It's Not Just Black or White

It's Not Just Black or White

by Warren "Ricky" Brown, Ed.D. Richard Aubry

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Overview

When the Supreme Court ruled to desegregate public schools in Brown v. Board of Education, one school district in southern Virginia did not comply. Instead of accepting black students, the Prince Edward County School District closed its public schools and opened an academy for white children only. This went on from 1959 to 1964.


Richard Aubry, a white college professor, dreamed of playing professional baseball. The Vietnam War, marriage, and a son came first, though, and his pitching arm would never make it to the majors. In the mid-1970s, he still had one chance to play: join the all-African American Farmville All Stars in Farmville, Virginia. But this was the county seat of the Prince Edward County School District. Racial tensions ran deep.



This is the true story of how the team co-captains, who had experienced the school closures directly, looked beyond skin color and gave a thirty-something white guy a chance. Other players and community members disapproved at first. Racial slurs were called out during Richard's first games. But eventually, the team accepted Richard, and the power of friendship and forgiveness prevailed on and off the baseball field.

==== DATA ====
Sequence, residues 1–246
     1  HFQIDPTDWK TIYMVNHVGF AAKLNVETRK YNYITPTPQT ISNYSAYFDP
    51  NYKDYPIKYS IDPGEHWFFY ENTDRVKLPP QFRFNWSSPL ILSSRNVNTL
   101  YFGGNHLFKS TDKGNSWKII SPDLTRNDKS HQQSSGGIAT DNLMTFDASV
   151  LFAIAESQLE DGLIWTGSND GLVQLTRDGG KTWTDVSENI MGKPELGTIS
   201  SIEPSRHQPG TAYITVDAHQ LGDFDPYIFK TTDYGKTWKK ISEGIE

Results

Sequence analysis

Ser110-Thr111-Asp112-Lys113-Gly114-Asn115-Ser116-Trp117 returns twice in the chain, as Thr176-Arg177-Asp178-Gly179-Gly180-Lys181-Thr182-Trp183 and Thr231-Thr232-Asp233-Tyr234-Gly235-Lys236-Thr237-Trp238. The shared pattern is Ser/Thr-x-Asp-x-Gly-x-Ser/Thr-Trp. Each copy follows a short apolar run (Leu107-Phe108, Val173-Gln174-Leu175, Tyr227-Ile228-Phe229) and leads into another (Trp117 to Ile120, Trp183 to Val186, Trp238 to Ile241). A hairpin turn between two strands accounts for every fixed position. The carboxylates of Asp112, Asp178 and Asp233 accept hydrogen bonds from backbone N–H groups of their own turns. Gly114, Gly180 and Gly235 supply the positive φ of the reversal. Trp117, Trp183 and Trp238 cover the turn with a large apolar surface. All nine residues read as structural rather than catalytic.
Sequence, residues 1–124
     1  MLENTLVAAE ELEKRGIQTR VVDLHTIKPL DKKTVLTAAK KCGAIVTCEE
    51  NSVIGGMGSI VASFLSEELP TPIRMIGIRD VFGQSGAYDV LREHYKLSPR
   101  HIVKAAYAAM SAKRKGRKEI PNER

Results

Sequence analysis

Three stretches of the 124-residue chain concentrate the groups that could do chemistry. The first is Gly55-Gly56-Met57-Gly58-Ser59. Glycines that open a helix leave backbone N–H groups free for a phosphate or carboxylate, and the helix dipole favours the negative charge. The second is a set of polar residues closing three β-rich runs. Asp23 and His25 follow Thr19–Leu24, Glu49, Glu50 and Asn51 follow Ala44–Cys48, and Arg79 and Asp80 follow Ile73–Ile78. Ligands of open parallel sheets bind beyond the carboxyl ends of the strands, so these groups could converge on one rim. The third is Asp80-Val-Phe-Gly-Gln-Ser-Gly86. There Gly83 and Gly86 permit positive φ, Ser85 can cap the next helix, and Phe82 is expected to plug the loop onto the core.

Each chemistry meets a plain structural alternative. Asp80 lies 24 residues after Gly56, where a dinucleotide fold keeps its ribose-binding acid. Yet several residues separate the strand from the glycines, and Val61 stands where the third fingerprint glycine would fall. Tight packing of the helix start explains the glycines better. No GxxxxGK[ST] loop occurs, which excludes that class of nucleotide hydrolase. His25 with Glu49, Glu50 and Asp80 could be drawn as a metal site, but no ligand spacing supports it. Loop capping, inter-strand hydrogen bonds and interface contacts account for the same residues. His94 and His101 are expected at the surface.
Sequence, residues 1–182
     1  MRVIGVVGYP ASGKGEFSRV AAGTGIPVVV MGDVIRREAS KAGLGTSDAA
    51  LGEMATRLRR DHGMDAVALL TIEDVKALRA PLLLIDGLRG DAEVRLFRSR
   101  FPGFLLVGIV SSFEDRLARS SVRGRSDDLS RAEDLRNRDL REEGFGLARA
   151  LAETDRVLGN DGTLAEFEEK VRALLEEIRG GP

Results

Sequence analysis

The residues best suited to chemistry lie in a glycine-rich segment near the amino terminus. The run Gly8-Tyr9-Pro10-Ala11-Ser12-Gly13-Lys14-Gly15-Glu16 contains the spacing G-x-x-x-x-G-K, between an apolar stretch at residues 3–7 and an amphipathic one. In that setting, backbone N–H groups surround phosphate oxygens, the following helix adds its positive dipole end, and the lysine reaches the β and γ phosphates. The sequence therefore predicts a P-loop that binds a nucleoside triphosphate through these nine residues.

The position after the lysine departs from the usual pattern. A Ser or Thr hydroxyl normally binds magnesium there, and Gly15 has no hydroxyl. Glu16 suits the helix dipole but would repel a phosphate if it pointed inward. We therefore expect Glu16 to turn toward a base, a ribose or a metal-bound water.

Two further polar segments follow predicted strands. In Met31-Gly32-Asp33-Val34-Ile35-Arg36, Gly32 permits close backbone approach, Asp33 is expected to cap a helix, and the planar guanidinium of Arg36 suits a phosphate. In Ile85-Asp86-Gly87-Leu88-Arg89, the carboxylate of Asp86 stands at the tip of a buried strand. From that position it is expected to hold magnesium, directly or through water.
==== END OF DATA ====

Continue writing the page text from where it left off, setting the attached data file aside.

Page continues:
Product Details

ISBN-13: 9781523608201
Publisher: CreateSpace Publishing
Publication date: 07/08/2016
Pages: 106
Product dimensions: 6.00(w) x 9.00(h) x 0.22(d)

About the Author

Richard Aubry, Ed.D., played for the Farmville All Stars for three years in the 1970s. During that time, Richard celebrated a twenty-two-game winning streak, and was named pitcher of the year in 1976. He remains close friends with the other players.


Richard has multiple degrees from the University of Virginia. In addition to being a college professor, he has also worked as a school teacher, principal, director of instruction, and assistant superintendent. He now lives in Florida with his wife.


Coauthor Warren (Ricky) Brown was co-captain of the Farmville All Stars when Richard joined. A native of Farmville, he was the first African American to work for the Farmville Police Department who had been trained at the Police Training Center. His biggest accomplishment is persevering when the public schools closed in his community. He became a success without his father living at home.

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